"Mommy, I put a new picture on your computer," she announced proudly. "And I typed words for you too!"
"No, honey, don’t do that!" Dana yelled, dropping the diaper and sprinting toward her daughter.
"At school they say you to press enter when you’re done," Mackenzi continued, ignoring her mother’s warnings. "Watch this!"
Moments before Dana could wrest her daughter’s tiny hands away from the wireless keyboard, her mind went fuzzy and the flow of time seemed to decelerate, making the world a cloudy slow-motion swimming pool of sights and sounds. Decades worth of stories, facts, acquaintances, songs, and memories sifted down like pieces of sand onto a beach, lost in a vast expanse.
"Mommy, you’re getting younger!" she blurted out, as if Dana could do anything to stop it once the changes had commenced.
Mackenzi watched, dumbstruck, as her mother’s physical history unspooled backward, taking her body farther and farther back in time. Her pretty teenage face looking pristine, then briefly covered in acne, then not again. An early bloomer, Dana’s breasts were the last vestiges of puberty to go. Gradually, they sank further into her chest until every hint of adolescence had dwindled away. Her sharp but attractive features - most notably her nose and chin - shrank into small, soft imitations. A collection of baby teeth repopulated her mouth, with the exception of two prominent holes right in front.
As the effect wore down, Dana awoke, her robe curled around her neck and spread out on the floor like an oversized cape. Craning her head to briefly exploring her inflated surroundings, her expression soon turned from a bewildered stare to one of frightened agitation. Tears welled up and she started to cry.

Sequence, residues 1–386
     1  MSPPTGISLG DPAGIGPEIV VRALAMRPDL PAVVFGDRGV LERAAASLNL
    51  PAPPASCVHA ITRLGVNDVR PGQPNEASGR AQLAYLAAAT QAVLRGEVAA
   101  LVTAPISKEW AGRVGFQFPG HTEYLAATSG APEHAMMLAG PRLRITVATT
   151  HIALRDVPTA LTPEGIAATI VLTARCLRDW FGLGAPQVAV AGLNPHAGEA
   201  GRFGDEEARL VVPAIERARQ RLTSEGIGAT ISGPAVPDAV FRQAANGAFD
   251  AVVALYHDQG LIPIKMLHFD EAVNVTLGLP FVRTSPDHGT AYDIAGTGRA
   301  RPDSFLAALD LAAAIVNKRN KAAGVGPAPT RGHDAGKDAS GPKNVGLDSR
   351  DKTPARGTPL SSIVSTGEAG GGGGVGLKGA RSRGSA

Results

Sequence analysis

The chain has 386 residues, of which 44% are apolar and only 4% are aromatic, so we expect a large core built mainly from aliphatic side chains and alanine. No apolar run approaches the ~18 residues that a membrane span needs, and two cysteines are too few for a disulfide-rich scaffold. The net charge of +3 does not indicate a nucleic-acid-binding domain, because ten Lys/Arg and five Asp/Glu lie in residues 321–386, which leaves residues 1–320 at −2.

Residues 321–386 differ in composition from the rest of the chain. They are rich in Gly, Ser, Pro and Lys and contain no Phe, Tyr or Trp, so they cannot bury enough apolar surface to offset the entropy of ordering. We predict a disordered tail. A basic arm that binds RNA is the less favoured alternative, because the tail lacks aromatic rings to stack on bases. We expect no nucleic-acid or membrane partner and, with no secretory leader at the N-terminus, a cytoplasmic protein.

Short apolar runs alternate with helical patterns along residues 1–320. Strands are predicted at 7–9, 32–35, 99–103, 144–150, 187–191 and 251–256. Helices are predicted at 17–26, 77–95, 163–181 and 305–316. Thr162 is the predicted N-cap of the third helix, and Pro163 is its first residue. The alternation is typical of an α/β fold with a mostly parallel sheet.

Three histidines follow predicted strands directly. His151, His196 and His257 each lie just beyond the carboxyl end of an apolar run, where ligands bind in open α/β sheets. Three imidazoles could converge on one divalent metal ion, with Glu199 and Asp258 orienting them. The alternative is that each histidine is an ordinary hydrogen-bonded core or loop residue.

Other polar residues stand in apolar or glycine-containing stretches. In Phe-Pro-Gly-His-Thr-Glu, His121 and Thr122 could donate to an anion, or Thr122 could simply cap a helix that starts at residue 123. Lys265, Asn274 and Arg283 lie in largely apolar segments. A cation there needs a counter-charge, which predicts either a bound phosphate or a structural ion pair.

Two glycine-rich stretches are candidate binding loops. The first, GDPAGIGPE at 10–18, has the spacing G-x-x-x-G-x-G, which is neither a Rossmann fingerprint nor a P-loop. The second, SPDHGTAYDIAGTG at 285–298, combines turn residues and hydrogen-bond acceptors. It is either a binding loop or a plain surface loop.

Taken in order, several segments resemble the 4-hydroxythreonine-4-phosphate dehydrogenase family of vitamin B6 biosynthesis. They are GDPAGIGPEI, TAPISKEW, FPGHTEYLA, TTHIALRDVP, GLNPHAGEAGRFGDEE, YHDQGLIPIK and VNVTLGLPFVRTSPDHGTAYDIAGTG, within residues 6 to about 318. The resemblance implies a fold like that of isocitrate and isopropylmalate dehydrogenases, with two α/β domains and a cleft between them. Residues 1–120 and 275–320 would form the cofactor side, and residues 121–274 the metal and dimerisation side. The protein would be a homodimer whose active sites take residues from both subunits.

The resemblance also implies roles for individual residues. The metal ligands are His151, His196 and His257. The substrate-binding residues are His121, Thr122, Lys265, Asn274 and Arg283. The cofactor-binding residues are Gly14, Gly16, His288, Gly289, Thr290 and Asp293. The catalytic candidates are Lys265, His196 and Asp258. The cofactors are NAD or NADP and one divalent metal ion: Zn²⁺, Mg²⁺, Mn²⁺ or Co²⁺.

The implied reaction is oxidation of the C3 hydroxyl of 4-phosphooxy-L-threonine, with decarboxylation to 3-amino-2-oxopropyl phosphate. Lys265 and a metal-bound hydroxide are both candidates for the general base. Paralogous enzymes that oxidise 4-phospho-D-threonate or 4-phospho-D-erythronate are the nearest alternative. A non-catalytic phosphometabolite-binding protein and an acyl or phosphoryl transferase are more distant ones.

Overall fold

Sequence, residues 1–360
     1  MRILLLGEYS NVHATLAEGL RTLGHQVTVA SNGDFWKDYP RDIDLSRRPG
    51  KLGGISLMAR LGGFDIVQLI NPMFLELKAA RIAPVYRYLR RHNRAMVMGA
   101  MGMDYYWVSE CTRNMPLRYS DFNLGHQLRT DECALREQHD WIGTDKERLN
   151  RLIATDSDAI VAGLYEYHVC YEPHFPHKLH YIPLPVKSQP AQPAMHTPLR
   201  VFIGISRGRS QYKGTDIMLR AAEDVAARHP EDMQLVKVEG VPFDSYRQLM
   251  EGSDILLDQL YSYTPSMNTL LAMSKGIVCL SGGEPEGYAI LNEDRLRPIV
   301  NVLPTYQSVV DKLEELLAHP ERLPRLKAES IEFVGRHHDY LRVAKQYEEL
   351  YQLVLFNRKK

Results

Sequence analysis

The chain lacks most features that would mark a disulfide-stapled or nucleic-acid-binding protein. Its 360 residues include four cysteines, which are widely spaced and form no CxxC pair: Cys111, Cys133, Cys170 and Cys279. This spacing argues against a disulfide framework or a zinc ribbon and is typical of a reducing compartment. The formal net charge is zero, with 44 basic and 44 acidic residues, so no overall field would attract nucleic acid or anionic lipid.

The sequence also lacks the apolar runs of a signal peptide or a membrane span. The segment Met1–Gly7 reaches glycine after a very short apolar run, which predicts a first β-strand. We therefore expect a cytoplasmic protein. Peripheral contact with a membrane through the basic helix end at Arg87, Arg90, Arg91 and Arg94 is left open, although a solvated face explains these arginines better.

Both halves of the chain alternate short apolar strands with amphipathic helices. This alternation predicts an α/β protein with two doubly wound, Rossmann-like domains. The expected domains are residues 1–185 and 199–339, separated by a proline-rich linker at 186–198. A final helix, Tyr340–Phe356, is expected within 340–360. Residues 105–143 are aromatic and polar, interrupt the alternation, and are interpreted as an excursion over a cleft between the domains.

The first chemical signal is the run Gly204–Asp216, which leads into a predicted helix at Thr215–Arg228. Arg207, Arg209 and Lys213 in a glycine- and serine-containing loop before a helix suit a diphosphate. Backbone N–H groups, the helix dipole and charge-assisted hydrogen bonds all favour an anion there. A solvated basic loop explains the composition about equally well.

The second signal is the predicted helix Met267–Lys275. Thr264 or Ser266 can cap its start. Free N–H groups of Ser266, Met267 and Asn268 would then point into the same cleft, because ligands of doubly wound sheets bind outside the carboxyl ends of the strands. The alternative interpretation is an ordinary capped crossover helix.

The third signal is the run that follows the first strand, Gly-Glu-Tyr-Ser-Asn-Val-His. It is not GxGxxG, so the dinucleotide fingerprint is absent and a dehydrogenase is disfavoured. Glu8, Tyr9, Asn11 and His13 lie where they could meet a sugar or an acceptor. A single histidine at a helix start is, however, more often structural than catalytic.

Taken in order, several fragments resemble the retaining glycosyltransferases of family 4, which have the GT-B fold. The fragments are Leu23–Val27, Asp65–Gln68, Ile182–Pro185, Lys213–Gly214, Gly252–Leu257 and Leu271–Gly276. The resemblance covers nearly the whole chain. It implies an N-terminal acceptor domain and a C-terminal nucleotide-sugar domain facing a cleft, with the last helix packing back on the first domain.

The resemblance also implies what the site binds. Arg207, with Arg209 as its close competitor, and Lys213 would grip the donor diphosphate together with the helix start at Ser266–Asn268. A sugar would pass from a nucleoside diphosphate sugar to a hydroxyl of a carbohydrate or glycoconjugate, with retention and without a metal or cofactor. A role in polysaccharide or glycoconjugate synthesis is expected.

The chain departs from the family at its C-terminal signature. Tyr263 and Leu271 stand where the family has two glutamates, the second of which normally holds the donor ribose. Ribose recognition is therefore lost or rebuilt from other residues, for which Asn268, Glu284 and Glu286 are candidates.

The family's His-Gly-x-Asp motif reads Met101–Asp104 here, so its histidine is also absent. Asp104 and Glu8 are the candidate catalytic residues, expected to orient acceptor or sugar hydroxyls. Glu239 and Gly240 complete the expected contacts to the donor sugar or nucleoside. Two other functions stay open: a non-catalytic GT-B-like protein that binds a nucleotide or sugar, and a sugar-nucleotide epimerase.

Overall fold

"Mommy?" she asked sheepishly. "Are you okay?"
Finally catching a glimpse of her daughter approaching, Dana’s wails calmed to sniffles.
"Do you remember me? My name is Mackenzi."
"My... my name is Dana," the precious little girl responded, now bearing a marked resemblance to her daughter. Even the photogenic dimples made an appearance.
Then it clicked. Mommy is the girl in the picture I put on her computer, she realized. Something about it must be magic.
"I think I used the computer to make you little," Mackenzi explained professorially to the oblivious kindergartner. "But it’s okay. It stopped now and everything is all right."
Dana’s expression lightened.
"I didn’t mean to," her daughter said earnestly. "But maybe it can change you back if you wanna be a grown-up again."
"Yeah," Mackenzi answered, honestly making an effort to comfort her miniature mother. "Or if you want, you can stay little for a while and we can all play."
Dana quickly responded to the second option, now all gap-toothed smiles and energy. "I know what we can do. C’mere."
With that, Mackenzi collected baby Christopher, who had barely advanced a few feet on the floor during their conversation. Dana jumped up and tugged on her daughter’s jersey, leading them down the hallway into the den with the TV like she was on a mission.
Meanwhile on Dana’s lonely Facebook page, the news ticker had halted, no longer updating. A poorly spelled status update, possibly her last for a very long time, sat frozen at the top of the screen:
"I want to watch the mermade movee."